The group is made up of Amnesty International Senegal branch, The International Federation of Journalists (IFJ), Federation of African Journalists (FAJ) Press Union, African Assembly for the Defence of Human Rights (RADDHO), Inter Africa Network for Women, Media, Gender and Development (FAMEDEV), Network of Press and Parliament in Senegal (Reppas) and Radio Alternative Voice for Gambians (AVG).
Favourite to succeed him is his son, Ali Ben Bongo, 50, candidate of the ruling Gabonese Democratic Party (PDG).
He has promised to boost what he says is the prosperity that Gabon enjoyed during his father's years in power.
Mr Bongo's rivals include former government ministers Andre Mba Obame and Casimir Oye Mba.
They have denounced what they say is endemic corruption and favouritism in Gabon.
On Friday at least five out of 23 opposition candidates announced they were pulling out of the race and pledged their support for Mr Obame.
Omar Bongo was one of the world's richest men, with a string of properties in France.
He was an unflinching ally of France and a key element in French influence in Central Africa.
Andre Mba Obame promises a fairer distribution of natural resources
BBC Africa analyst Martin Plaut says that Ali Ben Bongo is seen as less closely linked to the French elite than his father, despite being educated at the Sorbonne.
He is also somewhat detached from ordinary Gabonese, struggling to speak local languages with real fluency, our correspondent says.
Gabon is sub-Saharan Africa's fourth biggest oil producer and Africa's second biggest wood exporter, although most of its 1.4 million people live in poverty.
Voting, which began at 0700 (0600 GMT), will be monitored by observers from organisations including the African Union. Polls will close at 1800 (1700 GMT).
Friday, August 28, 2009
Zambian president Rupiah Banda has signed legislation regulating the operations of civil society, sending shock waves through the sector, which fears its independence will be severely compromised.
Presidential assent means the 2009 NGO Bill, withdrawn in 2007 after widespread protests by civil society and opposition parties, now only needs gazetting to become legislation that will require "the registration and co-ordination of NGOs" and can "regulate the work, and the area of work, of NGOs operating in Zambia".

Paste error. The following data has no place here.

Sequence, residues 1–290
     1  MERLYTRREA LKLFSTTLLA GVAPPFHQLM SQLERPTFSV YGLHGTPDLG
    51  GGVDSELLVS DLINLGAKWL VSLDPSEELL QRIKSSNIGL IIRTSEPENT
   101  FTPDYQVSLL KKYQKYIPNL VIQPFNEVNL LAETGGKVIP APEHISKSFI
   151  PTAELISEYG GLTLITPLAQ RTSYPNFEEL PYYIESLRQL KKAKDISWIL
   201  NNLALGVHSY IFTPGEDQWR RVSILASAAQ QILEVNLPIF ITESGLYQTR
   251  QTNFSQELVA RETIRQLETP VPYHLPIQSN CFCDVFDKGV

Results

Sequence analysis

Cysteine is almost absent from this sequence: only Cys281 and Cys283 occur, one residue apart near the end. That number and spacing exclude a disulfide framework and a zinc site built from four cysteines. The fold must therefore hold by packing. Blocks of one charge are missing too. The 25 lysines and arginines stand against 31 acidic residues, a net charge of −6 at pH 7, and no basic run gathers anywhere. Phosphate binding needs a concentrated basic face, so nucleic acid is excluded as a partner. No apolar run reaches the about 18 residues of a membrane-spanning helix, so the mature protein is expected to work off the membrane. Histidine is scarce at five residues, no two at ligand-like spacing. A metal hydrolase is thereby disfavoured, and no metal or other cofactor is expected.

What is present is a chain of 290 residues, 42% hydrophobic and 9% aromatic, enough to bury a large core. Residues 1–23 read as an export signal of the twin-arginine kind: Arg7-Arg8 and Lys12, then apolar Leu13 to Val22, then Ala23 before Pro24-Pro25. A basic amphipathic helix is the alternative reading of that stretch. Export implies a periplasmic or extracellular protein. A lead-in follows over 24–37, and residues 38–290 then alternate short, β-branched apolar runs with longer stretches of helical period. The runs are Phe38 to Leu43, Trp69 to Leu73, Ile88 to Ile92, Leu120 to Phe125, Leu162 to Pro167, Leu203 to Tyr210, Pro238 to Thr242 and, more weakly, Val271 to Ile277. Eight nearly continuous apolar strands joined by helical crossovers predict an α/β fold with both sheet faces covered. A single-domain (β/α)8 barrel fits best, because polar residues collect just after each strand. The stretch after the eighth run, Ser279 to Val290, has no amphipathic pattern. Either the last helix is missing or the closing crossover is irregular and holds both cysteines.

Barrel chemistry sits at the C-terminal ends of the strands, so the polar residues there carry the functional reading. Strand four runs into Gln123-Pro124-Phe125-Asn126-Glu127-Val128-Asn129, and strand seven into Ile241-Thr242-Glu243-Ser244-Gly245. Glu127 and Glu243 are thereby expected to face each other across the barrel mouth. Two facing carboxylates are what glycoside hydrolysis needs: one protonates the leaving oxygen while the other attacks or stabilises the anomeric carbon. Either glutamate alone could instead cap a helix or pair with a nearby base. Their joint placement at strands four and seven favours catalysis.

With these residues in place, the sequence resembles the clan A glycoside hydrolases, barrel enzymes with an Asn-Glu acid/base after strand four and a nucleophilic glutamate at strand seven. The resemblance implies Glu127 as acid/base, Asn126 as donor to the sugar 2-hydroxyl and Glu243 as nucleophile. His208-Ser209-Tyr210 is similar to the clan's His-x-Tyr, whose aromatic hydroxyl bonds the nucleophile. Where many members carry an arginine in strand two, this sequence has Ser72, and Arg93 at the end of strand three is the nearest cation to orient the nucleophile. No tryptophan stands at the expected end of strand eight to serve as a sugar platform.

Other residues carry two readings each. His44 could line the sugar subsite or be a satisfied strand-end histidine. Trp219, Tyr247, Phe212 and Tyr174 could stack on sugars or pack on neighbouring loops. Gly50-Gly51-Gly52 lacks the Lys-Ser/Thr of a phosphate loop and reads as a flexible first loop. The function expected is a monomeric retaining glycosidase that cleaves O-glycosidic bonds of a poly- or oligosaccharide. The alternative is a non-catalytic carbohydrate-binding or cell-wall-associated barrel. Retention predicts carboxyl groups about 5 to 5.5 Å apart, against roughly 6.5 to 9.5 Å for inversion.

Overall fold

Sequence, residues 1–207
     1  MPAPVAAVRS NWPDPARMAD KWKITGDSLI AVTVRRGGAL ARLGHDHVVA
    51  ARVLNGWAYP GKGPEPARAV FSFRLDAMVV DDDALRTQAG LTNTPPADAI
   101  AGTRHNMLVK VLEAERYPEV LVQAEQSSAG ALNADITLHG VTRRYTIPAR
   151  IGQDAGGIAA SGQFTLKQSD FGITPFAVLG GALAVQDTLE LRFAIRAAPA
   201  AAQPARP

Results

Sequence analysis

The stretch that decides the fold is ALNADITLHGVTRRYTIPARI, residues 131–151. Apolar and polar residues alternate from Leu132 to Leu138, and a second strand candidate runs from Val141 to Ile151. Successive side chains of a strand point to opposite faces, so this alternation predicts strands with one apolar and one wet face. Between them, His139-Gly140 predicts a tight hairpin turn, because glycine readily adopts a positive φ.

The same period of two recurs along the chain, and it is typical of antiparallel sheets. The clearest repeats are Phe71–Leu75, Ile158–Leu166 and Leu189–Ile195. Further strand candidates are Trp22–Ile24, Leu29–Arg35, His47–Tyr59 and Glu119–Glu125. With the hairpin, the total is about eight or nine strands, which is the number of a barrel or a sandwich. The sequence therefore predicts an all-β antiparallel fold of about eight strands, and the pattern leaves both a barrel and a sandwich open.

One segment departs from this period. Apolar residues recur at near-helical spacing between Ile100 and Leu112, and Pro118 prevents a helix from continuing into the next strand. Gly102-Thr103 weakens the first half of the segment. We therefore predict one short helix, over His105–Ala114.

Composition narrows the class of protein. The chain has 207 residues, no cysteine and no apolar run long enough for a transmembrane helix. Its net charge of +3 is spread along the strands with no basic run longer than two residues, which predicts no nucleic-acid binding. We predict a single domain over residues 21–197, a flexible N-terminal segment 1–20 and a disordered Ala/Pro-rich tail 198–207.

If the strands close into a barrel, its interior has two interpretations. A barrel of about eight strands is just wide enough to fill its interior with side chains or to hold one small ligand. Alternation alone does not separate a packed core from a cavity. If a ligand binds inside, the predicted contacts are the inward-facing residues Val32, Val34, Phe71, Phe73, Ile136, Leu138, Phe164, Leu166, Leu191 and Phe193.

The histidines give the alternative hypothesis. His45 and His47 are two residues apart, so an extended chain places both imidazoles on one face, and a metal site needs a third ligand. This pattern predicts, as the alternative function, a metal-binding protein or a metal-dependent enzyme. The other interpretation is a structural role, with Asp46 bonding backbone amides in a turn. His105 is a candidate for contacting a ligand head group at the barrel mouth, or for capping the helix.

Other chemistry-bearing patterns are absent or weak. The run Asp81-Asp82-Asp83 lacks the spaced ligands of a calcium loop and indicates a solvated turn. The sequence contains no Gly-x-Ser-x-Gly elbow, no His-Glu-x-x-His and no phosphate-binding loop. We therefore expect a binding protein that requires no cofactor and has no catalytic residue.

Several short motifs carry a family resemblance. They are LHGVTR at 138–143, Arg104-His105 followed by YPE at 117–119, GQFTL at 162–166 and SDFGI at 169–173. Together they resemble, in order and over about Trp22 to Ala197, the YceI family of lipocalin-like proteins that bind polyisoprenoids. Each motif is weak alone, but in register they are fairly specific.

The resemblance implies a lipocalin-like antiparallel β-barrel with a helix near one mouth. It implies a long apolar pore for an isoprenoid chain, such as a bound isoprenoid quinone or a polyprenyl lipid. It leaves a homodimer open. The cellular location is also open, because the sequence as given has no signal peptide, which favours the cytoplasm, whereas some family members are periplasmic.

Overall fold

Dickson Jere, a special assistant to the president for press and public relations, confirmed in a statement: "His Excellency the President Mr Rupiah Banda has assented to 13 Bills, which were recently passed by the National Assembly, including ... the Non-Governmental Organisations Bill."
The new stipulations will compel NGOs to re-register every five years and submit annual information on their activities, funders, accounts, and the personal wealth of their officials; failure to comply could result in the suspension or cancellation of registration.
On 28 August civil society organizations held an emergency meeting in the capital, Lusaka, to plan a response to the looming regulations, which the NGOs have termed "unconstitutional".
"We have already resolved to carry out a peaceful demonstration next week on Friday [4 September 2009] in Lusaka, and there are arrangements going on so that people in the provinces also carry out the protests. I think the court action [a proposed injunction] is a definite intervention as well, but we are still talking," an NGO worker, who declined to be identified, told IRIN.
Engwase Mwale, executive director of the NGO Co-ordinating Committee [NGOCC], an umbrella body for civic organizations promoting gender issues, told IRIN after the emergency meeting: "We wish to register our dismay and shock at President Rupiah Banda's assent to the NGO Bill.
"We still find it upsetting and retrogressive that in a democratic society such as Zambia, the president could see it fit to assent to a proposed law that has brought constitutional encroachments on our well-entrenched constitutional rights of freedom of association and expression ."
"Although we appreciate the constitutional obligation that he has to assent to any proposed bill that he wishes, we still find it upsetting and retrogressive that in a democratic society such as Zambia, the president could see it fit to assent to a proposed law that has brought constitutional encroachments on our well-entrenched constitutional rights of freedom of association and expression," she said.